8:00 PM

Brahms: Symphony No. 4

8:00 PM, Verizon Hall
Yannick Nézet-Séguin - Conductor
Peter Richard Conte - Organ
Vanessa Vasquez - Soprano
Chrystal E. Williams - Mezzo-soprano
Jonas Hacker - Tenor
André Courville - Bass-baritone
Brahms - Selections from Eleven Chorale Preludes, Op. 122
Bach - Cantata No. 150, "Nach dir, Herr, verlanget mich," BWV 150
INTERMISSION -
Brahms - Symphony No. 4 in E minor, Op. 98

Yannick has spoken often of his great passion for Brahms, possibly his favorite composer. The culmination of this season’s symphonic cycle features selections from his final musical work, the Eleven Choral Preludes, as well as his last symphony and the Bach cantata that inspired it. The Choral Preludes, originally written for organ, are a natural companion to Bach, the master of sacred organ and choral music, who is represented here by his Cantata No. 150. And in an homage across time, Brahms based the final movement of his majestic Fourth Symphony on the final movement of the same Bach Cantata. Hear the Choral Preludes in beautiful new transcriptions by Detlev Glanert alongside the original organ works in this varied presentation featuring the Fred J. Cooper Memorial Organ. Marvelous works on their own; even better in context with each other; sublime with Yannick and the Philadelphians!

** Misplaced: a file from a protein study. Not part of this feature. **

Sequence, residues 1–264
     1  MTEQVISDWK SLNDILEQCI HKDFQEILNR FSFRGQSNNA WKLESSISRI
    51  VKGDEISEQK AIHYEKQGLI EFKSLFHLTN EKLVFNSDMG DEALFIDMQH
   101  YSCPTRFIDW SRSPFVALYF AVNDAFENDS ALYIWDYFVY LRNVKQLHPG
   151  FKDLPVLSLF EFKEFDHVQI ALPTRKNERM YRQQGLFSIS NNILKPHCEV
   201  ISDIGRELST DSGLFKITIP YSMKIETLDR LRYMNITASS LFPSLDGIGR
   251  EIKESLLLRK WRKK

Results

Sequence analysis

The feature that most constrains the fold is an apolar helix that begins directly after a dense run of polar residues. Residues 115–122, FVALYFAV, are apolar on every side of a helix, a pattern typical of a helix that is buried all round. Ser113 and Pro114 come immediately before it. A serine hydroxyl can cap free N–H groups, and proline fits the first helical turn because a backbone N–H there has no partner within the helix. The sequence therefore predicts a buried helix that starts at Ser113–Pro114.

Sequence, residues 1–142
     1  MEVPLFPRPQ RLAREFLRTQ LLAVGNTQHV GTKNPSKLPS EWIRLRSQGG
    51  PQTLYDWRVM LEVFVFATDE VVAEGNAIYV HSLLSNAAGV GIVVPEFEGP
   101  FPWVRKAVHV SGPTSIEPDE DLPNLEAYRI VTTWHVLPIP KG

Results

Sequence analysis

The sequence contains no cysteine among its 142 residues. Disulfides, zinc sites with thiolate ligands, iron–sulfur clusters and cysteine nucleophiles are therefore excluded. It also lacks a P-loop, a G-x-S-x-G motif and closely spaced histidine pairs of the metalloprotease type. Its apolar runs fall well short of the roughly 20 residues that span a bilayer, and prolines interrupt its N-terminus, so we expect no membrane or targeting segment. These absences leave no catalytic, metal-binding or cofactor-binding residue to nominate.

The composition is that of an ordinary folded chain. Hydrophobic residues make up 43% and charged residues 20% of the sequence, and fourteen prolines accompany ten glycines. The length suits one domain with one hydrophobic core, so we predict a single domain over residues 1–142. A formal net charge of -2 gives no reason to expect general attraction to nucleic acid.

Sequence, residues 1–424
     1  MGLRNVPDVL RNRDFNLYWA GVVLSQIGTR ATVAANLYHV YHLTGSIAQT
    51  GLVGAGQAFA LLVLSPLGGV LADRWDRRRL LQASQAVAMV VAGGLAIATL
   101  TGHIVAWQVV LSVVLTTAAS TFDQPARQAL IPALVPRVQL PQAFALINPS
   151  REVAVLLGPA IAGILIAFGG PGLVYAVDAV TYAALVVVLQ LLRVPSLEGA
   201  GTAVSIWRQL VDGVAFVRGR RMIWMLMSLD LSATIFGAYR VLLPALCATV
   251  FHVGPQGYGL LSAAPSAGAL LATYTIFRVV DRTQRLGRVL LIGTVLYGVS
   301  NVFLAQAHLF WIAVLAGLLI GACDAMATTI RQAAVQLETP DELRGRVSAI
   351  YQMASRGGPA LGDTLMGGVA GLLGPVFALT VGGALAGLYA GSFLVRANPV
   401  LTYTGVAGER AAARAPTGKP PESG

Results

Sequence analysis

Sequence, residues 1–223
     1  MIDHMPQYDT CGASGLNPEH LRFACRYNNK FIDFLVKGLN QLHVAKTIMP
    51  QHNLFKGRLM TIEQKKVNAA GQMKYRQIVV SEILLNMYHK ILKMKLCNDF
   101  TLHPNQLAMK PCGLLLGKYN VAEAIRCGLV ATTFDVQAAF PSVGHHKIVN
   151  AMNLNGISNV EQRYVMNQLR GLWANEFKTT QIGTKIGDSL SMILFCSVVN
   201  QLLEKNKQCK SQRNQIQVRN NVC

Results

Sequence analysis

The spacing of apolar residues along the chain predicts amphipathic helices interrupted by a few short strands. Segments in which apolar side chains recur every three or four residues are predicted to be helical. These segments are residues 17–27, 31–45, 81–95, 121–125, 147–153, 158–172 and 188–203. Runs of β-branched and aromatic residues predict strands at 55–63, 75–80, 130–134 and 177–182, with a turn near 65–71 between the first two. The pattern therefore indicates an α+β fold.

2:00 PM

Brahms: Symphony No. 4

2:00 PM, Verizon Hall
Yannick Nézet-Séguin - Conductor
Peter Richard Conte - Organ
Vanessa Vasquez - Soprano
Chrystal E. Williams - Mezzo-soprano
Jonas Hacker - Tenor
André Courville - Bass-baritone
Brahms - Selections from Eleven Chorale Preludes, Op. 122
Bach - Cantata No. 150, "Nach dir, Herr, verlanget mich," BWV 150
INTERMISSION -
Brahms - Symphony No. 4 in E minor, Op. 98